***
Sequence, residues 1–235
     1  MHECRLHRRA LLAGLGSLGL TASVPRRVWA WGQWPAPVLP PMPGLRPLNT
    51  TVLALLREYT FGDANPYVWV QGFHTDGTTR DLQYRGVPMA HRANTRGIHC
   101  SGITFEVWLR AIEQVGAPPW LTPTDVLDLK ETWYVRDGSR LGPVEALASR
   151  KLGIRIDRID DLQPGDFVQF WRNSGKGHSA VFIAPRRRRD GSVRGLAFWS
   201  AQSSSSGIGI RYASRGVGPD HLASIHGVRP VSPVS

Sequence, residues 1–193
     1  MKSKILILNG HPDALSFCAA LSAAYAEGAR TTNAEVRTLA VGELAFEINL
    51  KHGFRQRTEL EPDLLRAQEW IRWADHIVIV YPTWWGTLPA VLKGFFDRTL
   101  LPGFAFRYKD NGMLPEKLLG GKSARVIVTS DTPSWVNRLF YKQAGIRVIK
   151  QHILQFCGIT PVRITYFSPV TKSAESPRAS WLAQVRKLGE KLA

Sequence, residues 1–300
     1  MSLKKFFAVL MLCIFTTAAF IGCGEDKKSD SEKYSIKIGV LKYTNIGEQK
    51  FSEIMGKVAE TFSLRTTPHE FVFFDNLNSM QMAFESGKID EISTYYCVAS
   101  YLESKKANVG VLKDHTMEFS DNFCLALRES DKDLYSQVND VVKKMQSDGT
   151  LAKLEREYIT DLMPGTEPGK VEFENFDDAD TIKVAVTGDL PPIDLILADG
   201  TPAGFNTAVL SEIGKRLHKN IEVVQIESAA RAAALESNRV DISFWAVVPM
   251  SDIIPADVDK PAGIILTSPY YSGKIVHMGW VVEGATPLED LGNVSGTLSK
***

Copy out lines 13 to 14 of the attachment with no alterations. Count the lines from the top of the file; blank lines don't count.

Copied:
     1  MSLKKFFAVL MLCIFTTAAF IGCGEDKKSD SEKYSIKIGV LKYTNIGEQK
    51  FSEIMGKVAE TFSLRTTPHE FVFFDNLNSM QMAFESGKID EISTYYCVAS